How to stay relevant as an artist in an ever-changing music industry
So your biography is written, your press shots have been approved, and your social media accounts are good to go. But being a producer of DJ in 2018 is about so much more than just building your fanbase, and the hardest part – for even the world’s biggest superstars – comes in learning how to maintain their core support, especially when they may wish to experiment with different sounds or head towards a different musical direction than the ones they first became famed for.
A music journey
The first issue experienced by so many artists arises from the ever-problematic ‘musical journey’, an arch a producer will experience over the course of the career that will see them flirting with various genres, sub-genres, loops, kicks, hooks, and melodies, as they sometimes look to shy away from that ‘one big hit’ that rocketed them into the mainstream consciousness, or simply seek to refresh their sound to challenge themselves as a musician. “How far can I push the boundaries here?” The answer to such a question is one where the answer sits between somewhat blurred lines and raises the debate of ‘originality vs popularity.’
Those who succeed in this game are widely praised – and often criticised – for adventure, and artistic diversity. When the late, great, Swedish superstar Avicii turned up to Ultra Music Festival in 2013, he was undoubtedly at the peak of his powers. Bringing a fresh melodic sound like no other heard before, here was the poster boy for the tipping point of an EDM bubble which showed no signs of bursting. Never had electronic music been at such forefront of mainstream media coverage, and in the ‘Levels’ producer, a face had been found for a man capable of dominating the genre for a decade. What followed was nothing short of iconic, with Bergling deciding to debut a genre-change to the biggest dance festival in world music, leaving the Miami crowd open-mouthed, as he played track after track of a country & western-infused unreleased new album, in place of his singalong anthems like “Silhouettes” and “I Could Be The One”. The fuss the fiasco caused is legendary. Dance website Dancing Astronaut labeled the set “too advanced for dance music”, whilst Avicii himself issued an official statement in the aftermath that read:
“Wow looks like I stirred up some controversy with my set Friday night at UMF. Seeing a lot of people who don’t understand. I really wanted to switch things up and do something fun and different, as I always strive for, and this album is about experimentation and about showing the endless possibilities of house and electronic music. My album is certainly not “country”, and people have gotten(sic) hung up on an instrument we used for the live cover of a song. People will soon see what it’s all about.”
This is, of course, not the first (or last) example of artistic vision falling flat within dance music. UK duo Disclosure were roundly criticized in 2015 for using their slot at Ushuaïa to play their new, previously unheard album, during BBC Radio One‘s Ibiza weekend, as opposed to the classics from their 2013 album “Settle”. And yet, even the very best are not immune to criticism. Alesso‘s 2017 Ultra set was panned in certain areas of fan support for the heavy-trap sound he aired on the American mainstage, whilst even Tiësto – widely regarded as the biggest name in the industry – has fallen foul of critics who long for him to return to the original trance sound he was so famed for before commercial release “Kaleidoscope” in 2009. But the case of the latter is perhaps the most interesting.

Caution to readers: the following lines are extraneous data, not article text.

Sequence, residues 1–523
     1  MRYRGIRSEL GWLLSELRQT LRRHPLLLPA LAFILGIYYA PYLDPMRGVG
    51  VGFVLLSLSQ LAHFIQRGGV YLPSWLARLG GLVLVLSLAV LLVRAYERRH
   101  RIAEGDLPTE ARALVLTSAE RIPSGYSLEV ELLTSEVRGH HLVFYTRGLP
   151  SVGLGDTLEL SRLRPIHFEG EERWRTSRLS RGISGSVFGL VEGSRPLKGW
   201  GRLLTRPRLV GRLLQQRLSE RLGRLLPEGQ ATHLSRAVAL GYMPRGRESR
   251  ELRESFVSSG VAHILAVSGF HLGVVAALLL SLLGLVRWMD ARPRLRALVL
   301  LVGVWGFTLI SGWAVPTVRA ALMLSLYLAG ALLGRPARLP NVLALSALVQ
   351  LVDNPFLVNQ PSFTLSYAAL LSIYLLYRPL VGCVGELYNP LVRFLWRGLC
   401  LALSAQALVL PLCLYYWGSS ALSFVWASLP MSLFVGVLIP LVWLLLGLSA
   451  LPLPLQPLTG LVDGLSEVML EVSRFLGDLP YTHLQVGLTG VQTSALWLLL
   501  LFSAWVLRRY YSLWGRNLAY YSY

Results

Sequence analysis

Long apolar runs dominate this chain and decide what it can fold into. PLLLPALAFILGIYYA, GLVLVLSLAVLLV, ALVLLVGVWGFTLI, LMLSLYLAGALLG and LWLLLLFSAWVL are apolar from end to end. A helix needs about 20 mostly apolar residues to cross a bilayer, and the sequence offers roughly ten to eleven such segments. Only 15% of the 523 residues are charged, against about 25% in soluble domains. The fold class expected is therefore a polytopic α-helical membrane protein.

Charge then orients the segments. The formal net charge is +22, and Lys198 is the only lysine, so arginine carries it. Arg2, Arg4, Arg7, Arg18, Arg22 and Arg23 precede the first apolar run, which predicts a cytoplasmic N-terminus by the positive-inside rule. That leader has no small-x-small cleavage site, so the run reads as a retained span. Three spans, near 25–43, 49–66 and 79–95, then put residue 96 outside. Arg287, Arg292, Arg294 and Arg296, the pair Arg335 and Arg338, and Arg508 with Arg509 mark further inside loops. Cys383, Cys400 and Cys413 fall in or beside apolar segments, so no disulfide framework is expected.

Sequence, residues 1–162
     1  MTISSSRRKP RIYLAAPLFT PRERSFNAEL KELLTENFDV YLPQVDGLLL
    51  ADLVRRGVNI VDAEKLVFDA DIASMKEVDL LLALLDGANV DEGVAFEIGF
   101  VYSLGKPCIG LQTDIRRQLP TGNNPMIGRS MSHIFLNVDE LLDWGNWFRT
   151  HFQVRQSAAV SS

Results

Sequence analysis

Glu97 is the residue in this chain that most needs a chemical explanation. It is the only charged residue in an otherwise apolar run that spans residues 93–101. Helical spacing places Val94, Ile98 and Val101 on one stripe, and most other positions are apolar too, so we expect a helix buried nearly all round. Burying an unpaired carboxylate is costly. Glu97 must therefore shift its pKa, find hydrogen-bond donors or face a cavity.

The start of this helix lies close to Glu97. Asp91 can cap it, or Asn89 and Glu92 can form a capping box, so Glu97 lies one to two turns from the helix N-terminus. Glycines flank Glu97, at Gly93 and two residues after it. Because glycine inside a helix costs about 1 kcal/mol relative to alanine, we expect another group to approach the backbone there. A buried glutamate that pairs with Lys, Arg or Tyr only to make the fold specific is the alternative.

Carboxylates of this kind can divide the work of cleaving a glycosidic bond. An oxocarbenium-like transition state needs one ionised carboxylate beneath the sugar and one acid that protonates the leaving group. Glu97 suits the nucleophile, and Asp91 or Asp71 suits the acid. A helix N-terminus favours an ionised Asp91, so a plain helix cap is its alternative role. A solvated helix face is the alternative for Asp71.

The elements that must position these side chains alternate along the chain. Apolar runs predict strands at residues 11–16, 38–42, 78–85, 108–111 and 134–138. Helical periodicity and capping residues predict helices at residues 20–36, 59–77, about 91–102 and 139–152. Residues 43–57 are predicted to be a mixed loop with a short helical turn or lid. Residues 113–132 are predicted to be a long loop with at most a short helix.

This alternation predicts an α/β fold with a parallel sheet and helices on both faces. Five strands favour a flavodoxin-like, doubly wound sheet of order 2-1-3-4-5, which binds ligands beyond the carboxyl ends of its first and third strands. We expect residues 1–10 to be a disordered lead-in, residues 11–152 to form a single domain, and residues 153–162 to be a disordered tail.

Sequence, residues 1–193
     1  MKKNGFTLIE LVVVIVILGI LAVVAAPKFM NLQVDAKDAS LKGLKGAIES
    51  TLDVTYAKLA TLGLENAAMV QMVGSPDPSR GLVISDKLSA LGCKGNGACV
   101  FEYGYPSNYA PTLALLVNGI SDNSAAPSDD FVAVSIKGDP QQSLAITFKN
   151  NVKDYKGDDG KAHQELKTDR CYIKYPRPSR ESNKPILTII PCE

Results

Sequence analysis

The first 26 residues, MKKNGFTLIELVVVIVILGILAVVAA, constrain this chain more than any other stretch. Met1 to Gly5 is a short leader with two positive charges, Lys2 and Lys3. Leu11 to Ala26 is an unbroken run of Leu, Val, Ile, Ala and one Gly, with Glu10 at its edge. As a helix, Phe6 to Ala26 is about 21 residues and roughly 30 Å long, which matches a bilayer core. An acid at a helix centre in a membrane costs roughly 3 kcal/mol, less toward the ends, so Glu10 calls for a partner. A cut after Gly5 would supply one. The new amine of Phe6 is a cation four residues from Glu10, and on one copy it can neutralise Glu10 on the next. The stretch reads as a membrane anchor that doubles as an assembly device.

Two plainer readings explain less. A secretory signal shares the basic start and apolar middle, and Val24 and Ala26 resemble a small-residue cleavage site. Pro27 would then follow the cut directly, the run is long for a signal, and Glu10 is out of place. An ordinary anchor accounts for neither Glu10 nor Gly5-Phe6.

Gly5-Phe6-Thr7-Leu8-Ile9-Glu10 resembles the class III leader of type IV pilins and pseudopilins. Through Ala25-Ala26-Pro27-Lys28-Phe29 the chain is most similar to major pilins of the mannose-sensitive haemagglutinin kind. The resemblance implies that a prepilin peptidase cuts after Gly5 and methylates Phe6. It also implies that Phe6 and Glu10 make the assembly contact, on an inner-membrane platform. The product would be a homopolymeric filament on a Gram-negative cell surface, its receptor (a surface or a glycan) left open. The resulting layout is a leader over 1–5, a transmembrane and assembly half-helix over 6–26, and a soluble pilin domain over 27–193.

The Tiësto effect
Upon moving from his iconic trance sound in the late nineties, Tiësto certainly experienced his fair share of haters, but rather than pander to the criticism and make a swift return, he stuck to his guns, and used the trend of several sub-genres of dance music to elevate his own status. First, teaming up with the hottest name in the EDM circuit, Martin Garrix on their 2015 hit ‘The Only Way Is Up’ before tapping into further highly rated producers, such as KSHMR (‘Secrets’), The Chainsmokers (‘Split (Only U)’), Oliver Heldens (‘Wombass/The Right Song’), and Don Diablo (‘Chemicals’). The latter duo soon shot up DJ Mag’s Top 100, the embodiment of a modern-day popularity vote, rising to Numbers #12 and #11 respectively, whilst Tiësto – on account of his involvement in bass music and future house, both subgenres exceptionally popular with the younger market – managed to stay in the top 5.
Fans want to hear what they will love
After building your fanbase, many artists lose theirs by changing styles too drastically, with many fans becoming disillusioned with the sounds they now hear, and how comparably different they are to the tones they became engrossed by. In Tiësto’s case, if the new music is of a high-enough quality, the point becomes invalid, a claim backed up by Zedd in this 2013 interview with Forbes, where the German producer added: “I’m not here to play what people want to hear, I’m here to play what I want them to hear, music that I made for them. If they don’t like that, there are plenty other DJs out there.”
Understanding which category your own fanbase falls into, is the most pivotal moment in the longevity of any artist’s career in a musical landscape which is always evolving.